I HATE Retweet Bait (Infographic, and 10 Reasons Why)

It used to be called link bait: the blog topics that use formulaic approaches to draw traffic, comments and links.   Fish & Hook - Cartoon 1_0

These days, such content might more aptly be called retweet bait.

For example, my Twitter stream is filled up with references to 10 simple things, 5 facts, 20 reasons, etc.

And I am all over simplifying complex topics through illustrations; however, some seem to feel that just wrapping the infographic label around your info is enough to get it read and passed along.

I am sure that it is not just me, but others that now tune out topics like these, instead of performing the desired action (the final straw was when I saw a tweet today featuring this headline: 5 Reasons to Use an Infogrpahic as a Press Release).

Please note that what I am objecting to is implementation, not intention. While it is great idea to launch topics that are infectious and sticky, it is much harder to do this in a way that is not too blatant – and it is constantly evolving art, as people quickly jump on the latest methods for punching up headlines and launching viral content. (I liken this to the stock market; over time almost all gambits to exploit inefficiencies and gain advantage fall apart as others discover these and jump on board).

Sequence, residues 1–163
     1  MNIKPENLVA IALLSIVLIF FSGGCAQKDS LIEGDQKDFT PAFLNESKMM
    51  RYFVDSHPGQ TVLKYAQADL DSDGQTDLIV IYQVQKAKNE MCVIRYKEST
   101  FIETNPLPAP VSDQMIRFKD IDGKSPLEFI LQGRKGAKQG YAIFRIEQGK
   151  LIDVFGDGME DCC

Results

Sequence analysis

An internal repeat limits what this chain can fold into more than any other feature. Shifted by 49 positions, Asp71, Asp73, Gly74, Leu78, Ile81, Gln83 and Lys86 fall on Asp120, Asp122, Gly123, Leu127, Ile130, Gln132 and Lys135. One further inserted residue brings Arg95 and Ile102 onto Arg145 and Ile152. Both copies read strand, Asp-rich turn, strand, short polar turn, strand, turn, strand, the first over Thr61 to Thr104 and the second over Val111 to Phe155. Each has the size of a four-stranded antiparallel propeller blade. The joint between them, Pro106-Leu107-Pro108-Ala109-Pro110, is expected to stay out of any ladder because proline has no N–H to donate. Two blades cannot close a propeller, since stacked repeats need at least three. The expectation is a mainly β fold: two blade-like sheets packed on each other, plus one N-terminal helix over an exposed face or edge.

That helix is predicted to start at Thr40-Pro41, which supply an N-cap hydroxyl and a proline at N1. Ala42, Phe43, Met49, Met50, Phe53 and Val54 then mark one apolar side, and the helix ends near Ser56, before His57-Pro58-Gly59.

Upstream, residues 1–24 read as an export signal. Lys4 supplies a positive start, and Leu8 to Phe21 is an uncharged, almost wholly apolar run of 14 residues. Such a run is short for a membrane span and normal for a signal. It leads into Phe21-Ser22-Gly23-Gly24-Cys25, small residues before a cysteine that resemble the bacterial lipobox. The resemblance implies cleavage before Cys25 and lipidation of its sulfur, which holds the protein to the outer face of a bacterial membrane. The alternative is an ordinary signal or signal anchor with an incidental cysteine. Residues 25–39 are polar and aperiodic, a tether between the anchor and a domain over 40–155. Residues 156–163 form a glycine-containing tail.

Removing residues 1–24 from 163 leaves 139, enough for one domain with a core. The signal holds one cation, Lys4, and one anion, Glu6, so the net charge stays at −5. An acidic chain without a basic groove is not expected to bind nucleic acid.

The sad thing is, I am sure some very good content is being ignored for these reasons.

Folks, I don't want to seem too negative here and don't mean to insult others' efforts at launching content that will be read and enjoyed. I know I and many of my friends, colleagues and clients have been guilty of posts and tweets like these.

But maybe it is time for some fresh thinking and a new play book, just saying.

Stay tuned, infographic, 10 tips and video at 11 🙂

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